Blanc Inter II - SIMI 8 - Blanc International II - SIMI 8 - Chimie du solide, colloïdes, physicochimie

Super non-adhesive membranes for sustainable water treatment – SUPERNAM

Super Non Adhesive Membranes: As common in future Water Plants as the non-sticking pan in a today kitchen

Membrane filtration has become a major technology used in drinking water production, waste water treatment and seawater desalination. Inherent to this process the rejection of solutes, macromolecules or colloidal particles leads to the formation of deposits on and in the membranes (fouling), which is sort of an Achille's Heel to this technology. Although it is not possible to prevent deposition, it would be of paramount importance to make these depositfs non adhesive to the surface.

The objective of the project is to create filtration membranes showing minimal adsorption propensity for soluble macromolecules or colloids.

The original objective of the project was to manufacture membranes on which substances present in biological fluids or water would not adhere, in order to make the clogging inherent in the filtration process totally reversible. The project envisaged pilot-scale testing, for example on water treatment plants (drinking water or sewage treatment of any kind). <br />The state of the art at the beginning of the project clearly showed that the grafting of hydrophilic polymers on membrane surfaces improved their resistance to clogging. The polymers used had not been synthesized for this particular application. <br />The challenge was therefore to successfully design, synthesize and use polymers for the particular application to PVDF membranes. The selected base bricks were the polystyrene for the hydrophobic part capable of being better anchored in the membrane matrices than the polyethylene oxide and the polyethylene glycol methacrylate for the hydrophilic part, having a hydrophilic character slightly more marked than the PEG. <br />During the project, we retained the original objectives and strategy. We found that the distribution of polymers on the surface of membranes was much more heterogeneous than most teams assume. We therefore spent time analyzing this phenomenon and evaluating its consequences on the non-adhesive nature sought for our membranes. <br />We have also used microfluidic devices less than we had anticipated because they proved more difficult than expected to implement under the conditions of interest for this project.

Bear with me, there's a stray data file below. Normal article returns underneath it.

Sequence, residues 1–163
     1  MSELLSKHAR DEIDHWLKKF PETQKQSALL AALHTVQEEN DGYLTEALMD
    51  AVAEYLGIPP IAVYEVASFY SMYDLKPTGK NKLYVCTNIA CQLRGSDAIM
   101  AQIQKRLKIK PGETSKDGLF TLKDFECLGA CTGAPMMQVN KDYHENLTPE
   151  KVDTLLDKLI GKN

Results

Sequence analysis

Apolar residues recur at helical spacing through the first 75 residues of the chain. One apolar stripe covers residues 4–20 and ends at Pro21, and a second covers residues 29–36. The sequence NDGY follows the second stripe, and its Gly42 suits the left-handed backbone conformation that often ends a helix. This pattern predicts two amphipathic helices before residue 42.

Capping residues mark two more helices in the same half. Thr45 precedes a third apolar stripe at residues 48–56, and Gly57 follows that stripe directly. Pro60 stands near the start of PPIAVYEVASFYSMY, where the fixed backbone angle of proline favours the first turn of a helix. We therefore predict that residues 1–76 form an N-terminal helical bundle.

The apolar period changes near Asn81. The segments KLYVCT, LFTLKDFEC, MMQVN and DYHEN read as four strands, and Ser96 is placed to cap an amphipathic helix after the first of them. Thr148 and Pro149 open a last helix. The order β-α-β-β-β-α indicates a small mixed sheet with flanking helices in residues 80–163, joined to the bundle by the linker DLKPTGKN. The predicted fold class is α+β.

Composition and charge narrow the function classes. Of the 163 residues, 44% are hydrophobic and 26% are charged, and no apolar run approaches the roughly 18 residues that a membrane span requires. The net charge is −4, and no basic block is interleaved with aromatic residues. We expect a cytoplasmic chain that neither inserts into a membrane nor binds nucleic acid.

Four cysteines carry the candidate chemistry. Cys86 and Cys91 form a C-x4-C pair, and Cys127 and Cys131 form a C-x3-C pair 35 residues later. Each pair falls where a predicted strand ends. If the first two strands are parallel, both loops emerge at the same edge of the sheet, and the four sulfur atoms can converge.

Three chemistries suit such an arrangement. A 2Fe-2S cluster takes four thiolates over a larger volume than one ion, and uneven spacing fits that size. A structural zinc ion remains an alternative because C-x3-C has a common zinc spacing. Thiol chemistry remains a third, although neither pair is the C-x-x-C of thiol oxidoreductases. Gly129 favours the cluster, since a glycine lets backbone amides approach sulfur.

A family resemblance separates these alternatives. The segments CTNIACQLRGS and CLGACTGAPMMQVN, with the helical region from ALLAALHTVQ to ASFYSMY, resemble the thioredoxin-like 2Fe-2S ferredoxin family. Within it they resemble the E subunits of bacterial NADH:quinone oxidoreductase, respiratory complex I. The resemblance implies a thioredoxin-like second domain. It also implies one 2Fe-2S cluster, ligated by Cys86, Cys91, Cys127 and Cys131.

As planned we have started developping a microfluidic chip which would allow us to monitor the formation of fouling layers and their removal on surfaces modified by using co-polymer (di-block and tri-block synthesied at RDMCT in Taiwan).
In parallel we have developped a method for mapping the distribution of grafted polymers on a surface by ATR-FTIR, which seems very promising, as it helps to reveal heterogenities in the grafting density, which seems to be a key parameter highlightred by a new theoretical approach we have developped within the frame of the project.

As stated elsewhere, we have been able to maintain our objectives and follow the plan for a large part of the project.
Three families of copolymers were synthesized (di-blocks, tri-blocks and random) from base bricks, each with several molar masses, which gave a wide variety of possible solutions, all characterized chemically.
Essentially two modes of modification of membranes have been explored: the «coating« by adsorption of the copolymers and the blending of the copolymers before the manufacture of the membrane by inversion of phase by wet vapors. This part of the work has been reported on a mapping of possible membrane modification options, which is one of the project deliverables (D5).